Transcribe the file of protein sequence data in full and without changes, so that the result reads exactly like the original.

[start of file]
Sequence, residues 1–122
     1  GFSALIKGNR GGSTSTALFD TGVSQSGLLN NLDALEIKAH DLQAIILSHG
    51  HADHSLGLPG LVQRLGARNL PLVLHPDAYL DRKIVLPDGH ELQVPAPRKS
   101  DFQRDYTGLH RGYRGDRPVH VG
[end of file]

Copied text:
Sequence, residues 1–122
     1  GFSALIKGNR GGSTSTALFD TGVSQSGLLN NLDALEIKAH DLQAIILSHG
    51  HADHSLGLPG LVQRLGARNL PLVLHPDAYL DRKIVLPDGH ELQVPAPRKS
   101  DFQRDYTGLH RGYRGDRPVH VG